‘El Chapo’ Guzmán’s lawyers to seek new trial

Attorneys for Joaquin “El Chapo” Guzmán will seek a new trial after a report that jurors at the kingpin’s drug conspiracy trial engaged in misconduct by following media coverage during the months-long proceedings.

The head of Mexico’s murderous Sinaloa drug cartel was found guilty earlier this month of all 10 federal criminal counts against him, including a charge of engaging in a continuing criminal enterprise that carries a mandatory term of life in prison.

Attorney Eduardo Balarezo in a letter Friday informed US District Judge Brian Cogan of the defense team’s intention to file a motion for a new trial. He cited a Vice News report this week that quoted a unnamed juror who said several panel members followed media accounts despite the judge’s instructions to “stay away” from coverage. CNN has not confirmed the Vice reporting.

“Mr. Guzmán intends to file motion for a new trial based on the disclosures in the article and to request an evidentiary hearing to determine the extent of the misconduct,” Balarezo wrote.

Later Friday, Judge Cogan granted Balarezo’s request for an extension to file a motion for a new trial. The defense team has until March 28 to file the motion, the judge ordered.

The US Attorney’s office in Brooklyn declined comment.

The partially sequestered and anonymous jury of eight women and four men deliberated roughly 34 hours over six days. For 2½ months, they sat through 200 hours of testimony from 56 prosecution witnesses. Only one witness testified for the defense.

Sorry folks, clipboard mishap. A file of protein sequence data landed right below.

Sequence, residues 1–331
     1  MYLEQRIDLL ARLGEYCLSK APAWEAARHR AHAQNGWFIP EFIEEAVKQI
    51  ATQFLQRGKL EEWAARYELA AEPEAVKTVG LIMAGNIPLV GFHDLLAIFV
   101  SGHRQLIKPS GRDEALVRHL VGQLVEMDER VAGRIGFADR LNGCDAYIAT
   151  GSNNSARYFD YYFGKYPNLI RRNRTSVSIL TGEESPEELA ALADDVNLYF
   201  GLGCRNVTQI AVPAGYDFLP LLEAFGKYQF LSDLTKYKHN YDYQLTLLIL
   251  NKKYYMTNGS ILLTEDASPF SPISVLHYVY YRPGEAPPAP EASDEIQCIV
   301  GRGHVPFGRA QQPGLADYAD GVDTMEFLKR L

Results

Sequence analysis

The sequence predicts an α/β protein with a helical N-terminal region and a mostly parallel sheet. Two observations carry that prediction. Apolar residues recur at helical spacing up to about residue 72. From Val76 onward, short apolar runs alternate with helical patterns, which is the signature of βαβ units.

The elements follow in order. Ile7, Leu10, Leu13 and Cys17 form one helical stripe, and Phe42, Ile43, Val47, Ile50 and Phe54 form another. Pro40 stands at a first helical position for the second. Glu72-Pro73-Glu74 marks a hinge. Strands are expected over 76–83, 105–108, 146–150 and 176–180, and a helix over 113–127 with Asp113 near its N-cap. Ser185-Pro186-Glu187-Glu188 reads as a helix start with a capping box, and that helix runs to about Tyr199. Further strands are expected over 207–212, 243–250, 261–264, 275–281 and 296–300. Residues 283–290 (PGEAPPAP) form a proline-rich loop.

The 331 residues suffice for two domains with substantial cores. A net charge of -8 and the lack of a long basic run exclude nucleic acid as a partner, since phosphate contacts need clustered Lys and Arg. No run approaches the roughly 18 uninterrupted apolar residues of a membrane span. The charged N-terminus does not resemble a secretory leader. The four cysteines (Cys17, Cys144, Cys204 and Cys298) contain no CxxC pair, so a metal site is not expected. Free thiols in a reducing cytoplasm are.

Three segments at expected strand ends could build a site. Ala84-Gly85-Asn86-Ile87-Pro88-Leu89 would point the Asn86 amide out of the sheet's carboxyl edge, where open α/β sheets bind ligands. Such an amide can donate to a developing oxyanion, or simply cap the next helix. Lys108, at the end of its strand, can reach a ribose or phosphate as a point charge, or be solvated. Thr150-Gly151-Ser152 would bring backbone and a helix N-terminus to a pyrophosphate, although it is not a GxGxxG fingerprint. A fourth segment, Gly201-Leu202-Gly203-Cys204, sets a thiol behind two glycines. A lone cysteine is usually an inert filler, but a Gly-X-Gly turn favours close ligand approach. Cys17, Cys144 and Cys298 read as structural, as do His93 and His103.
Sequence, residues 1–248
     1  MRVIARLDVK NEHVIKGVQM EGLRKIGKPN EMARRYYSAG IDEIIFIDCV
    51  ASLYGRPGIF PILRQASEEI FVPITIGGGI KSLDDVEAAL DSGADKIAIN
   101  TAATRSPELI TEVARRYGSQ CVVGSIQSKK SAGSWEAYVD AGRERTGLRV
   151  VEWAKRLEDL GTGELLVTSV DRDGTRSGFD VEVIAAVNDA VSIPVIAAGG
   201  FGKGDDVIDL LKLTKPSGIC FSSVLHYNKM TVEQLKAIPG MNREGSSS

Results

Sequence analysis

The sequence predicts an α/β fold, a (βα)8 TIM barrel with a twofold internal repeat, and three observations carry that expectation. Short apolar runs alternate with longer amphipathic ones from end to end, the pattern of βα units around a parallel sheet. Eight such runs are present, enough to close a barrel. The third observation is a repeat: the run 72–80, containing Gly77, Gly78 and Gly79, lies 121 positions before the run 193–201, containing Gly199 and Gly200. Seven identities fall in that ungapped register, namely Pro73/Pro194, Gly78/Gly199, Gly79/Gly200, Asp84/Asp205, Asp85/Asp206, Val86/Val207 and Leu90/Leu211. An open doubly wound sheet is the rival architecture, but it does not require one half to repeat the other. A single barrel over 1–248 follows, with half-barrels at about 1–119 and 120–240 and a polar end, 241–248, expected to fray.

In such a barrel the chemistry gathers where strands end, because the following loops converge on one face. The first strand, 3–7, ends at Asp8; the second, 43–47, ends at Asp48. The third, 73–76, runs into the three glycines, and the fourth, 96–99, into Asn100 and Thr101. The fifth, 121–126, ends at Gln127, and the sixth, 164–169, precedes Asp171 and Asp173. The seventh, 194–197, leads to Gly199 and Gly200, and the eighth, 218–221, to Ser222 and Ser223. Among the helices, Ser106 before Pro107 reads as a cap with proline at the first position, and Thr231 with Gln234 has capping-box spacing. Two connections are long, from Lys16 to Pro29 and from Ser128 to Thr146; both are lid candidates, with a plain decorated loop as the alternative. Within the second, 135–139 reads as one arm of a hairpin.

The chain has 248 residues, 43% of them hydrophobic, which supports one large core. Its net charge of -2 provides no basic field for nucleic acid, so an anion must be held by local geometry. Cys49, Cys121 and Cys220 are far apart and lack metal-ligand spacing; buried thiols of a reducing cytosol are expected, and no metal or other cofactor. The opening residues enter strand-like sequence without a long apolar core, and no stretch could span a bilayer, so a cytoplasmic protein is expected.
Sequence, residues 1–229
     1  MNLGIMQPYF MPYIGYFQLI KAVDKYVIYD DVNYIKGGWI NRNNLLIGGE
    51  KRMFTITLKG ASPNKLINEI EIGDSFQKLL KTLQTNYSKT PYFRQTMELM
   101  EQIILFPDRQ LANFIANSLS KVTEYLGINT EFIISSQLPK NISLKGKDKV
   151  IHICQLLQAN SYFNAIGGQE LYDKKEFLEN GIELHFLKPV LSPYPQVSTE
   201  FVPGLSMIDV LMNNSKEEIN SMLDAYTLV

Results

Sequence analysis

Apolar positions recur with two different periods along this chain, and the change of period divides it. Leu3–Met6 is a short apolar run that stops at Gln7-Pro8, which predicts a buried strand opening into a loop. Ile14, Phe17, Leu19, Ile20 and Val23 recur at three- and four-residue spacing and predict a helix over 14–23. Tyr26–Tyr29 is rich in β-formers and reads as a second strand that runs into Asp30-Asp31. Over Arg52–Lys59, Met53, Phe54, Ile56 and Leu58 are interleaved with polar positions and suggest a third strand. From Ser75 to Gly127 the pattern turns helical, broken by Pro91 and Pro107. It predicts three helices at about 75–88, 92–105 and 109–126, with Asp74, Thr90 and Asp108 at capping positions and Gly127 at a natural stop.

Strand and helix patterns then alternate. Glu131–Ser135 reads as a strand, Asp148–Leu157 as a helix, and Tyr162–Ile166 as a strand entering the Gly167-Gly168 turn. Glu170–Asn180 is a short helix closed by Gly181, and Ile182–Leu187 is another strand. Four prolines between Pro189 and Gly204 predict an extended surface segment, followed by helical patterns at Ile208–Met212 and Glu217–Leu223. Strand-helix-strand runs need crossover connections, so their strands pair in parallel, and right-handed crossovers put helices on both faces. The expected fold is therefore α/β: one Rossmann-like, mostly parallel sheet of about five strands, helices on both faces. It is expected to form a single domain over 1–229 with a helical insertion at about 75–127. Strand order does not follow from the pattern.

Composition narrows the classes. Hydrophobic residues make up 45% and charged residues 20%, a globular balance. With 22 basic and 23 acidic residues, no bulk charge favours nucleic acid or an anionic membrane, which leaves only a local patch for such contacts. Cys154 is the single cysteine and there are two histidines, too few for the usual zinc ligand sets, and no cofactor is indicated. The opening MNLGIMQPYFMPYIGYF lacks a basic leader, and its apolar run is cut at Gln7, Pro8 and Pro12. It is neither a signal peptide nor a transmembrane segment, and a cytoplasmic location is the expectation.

After confirming the verdicts with each juror, Cogan told them their conduct on the panel “made me very proud to be an American.”

Balarezo said in a statement, “If it is true that many of the jurors were following media reports, had access to information they shouldn’t have had, what should happen is that we get a new trial, because Joaquin did not get a fair trial.”

The defense has asked Cogan for 30 days to prepare its motion for a new trial.

Guzmán, 61, was convicted of 10 counts, including engaging in a continuing criminal enterprise, conspiracy to launder narcotics proceeds, international distribution of cocaine, heroin, marijuana and other drugs, and use of firearms.

He faces a mandatory life sentence without the possibility of parole for leading a continuing criminal enterprise, and a sentence of up to life imprisonment on the remaining drug counts.